The husband was arrested when she was pregnant, that is 4 years ago,at that time she had run away from him because he had threatened to kill her.
She has since remarried to a man she says helps to provide for her, although she has to work to supplement the family’s income and to look after her children. She looks worn out and works hard. She has a 5 months baby child with her new husband, in Kabwangasi trading centre . She makes and sells mandazi (some kind of doughnuts )for livelihood. Her sons Abraham and Paul move around the small town of Kabwangasi selling the Mandazi.
One of her daughters Robinah 6 years ,was not with her, we learnt that she was taken away by Beatrice’s sister called Florence. They are not certain whether Robinah attends school or not.
Steve says, “from Mbale we started off our journey to Kotido and on our way to Kotido we found ourselves on a VERY muddy road in Sironko. We knew we had a 7 hour drive to Kotido and were praying the road was not like this the whole way.” Steve did an awesome job driving. We saw an overturned truck and many cars stuck in the mud, but finally made it to Kotido. It was like driving on safari type roads the whole way. The roads were dirty, very narrow and sometimes did not even look like a road, more like a dry river bed. The one nice thing is there was no traffic, actually there were barely any other cars on the road.
For all the families we met in Karamoja and Soroti, children live in total deplorable conditions.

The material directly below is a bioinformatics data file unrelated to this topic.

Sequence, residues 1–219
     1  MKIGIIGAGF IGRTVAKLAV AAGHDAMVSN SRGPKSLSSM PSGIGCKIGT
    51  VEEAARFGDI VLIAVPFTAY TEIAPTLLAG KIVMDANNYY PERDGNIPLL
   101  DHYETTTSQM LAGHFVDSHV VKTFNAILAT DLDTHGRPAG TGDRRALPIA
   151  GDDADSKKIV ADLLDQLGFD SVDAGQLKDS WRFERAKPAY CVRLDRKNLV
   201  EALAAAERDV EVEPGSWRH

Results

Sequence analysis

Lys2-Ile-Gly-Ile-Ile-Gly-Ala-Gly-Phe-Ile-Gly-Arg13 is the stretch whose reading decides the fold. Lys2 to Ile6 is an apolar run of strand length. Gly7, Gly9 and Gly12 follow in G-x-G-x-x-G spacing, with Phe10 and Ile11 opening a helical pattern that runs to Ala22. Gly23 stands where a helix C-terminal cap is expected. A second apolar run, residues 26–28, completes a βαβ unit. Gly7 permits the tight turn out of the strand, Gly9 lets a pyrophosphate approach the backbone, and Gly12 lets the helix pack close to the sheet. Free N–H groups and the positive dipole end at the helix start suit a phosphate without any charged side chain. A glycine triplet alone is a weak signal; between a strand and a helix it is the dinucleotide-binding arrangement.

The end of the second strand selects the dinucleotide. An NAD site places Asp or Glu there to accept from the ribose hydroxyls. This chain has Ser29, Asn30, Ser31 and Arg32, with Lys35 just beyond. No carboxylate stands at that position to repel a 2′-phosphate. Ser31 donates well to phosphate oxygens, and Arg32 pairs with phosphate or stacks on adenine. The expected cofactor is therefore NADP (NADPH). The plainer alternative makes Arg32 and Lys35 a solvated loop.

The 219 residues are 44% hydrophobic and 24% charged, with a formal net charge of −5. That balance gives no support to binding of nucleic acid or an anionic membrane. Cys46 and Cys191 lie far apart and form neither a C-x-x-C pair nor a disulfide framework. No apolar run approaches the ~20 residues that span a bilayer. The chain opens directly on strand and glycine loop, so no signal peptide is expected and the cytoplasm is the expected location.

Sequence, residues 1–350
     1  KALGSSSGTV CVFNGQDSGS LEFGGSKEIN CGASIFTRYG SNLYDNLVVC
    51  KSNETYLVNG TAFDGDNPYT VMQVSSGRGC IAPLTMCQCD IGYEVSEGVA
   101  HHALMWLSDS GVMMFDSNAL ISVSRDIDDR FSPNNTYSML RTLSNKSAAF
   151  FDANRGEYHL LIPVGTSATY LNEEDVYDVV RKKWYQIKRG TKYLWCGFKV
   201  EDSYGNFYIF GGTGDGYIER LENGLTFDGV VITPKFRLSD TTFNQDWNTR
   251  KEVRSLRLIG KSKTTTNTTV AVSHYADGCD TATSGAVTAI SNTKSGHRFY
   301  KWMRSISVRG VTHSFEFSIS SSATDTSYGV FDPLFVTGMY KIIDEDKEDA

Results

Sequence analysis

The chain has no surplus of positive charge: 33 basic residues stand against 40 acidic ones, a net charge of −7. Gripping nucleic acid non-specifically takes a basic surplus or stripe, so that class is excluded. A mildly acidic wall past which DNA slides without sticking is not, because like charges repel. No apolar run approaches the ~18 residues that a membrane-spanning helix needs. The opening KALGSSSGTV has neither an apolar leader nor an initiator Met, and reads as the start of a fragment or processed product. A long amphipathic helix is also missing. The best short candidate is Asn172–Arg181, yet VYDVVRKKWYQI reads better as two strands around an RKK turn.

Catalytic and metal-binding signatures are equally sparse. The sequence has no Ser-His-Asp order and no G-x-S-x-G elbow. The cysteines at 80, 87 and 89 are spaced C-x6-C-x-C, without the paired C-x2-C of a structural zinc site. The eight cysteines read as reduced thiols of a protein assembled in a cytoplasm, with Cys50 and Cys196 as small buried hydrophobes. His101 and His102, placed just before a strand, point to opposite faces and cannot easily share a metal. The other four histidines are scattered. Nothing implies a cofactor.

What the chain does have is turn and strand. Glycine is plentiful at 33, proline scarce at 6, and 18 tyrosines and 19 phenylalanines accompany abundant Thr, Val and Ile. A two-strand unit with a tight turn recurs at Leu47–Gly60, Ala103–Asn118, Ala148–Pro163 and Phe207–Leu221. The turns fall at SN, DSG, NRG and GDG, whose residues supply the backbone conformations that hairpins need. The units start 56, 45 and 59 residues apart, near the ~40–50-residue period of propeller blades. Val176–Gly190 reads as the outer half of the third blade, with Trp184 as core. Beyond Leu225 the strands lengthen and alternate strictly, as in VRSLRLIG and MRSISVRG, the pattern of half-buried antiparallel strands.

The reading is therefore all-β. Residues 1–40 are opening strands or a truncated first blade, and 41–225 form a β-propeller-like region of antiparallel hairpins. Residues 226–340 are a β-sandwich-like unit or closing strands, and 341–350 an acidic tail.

We have traced 54 children with a parent in prison in 13 families, many of them have not seen their fathers in years, others have never seen their fathers at all and others did not know that they had fathers. We have promised them that we will first get them sponsors before they can come to Wells of Hope. Francis says, “but from what I saw, majority need to come as soon as possible. I cannot speak in many details of the suffering and pain we saw there. For instance in Karomoja and in some parts of Teso, children go hungry, others have died. I saw 3 babies suckle almost empty breasts of their mothers. Along the roads that we travelled in Karamoja, people put out hands to us begging, both adults and children.We even saw some people walk nude. Others asked for empty bottles of Mineral water which they call "Dodo" because of the sound that empty bottles make.
There is a family where we met four children Sarah 16 , Beatrice 14, Christine 9, and Betty 7 . When their father was imprisoned in 2007, their mother abandoned them and went back to her parents’ home. A week later, her children trekked a distance of 31 km to find her.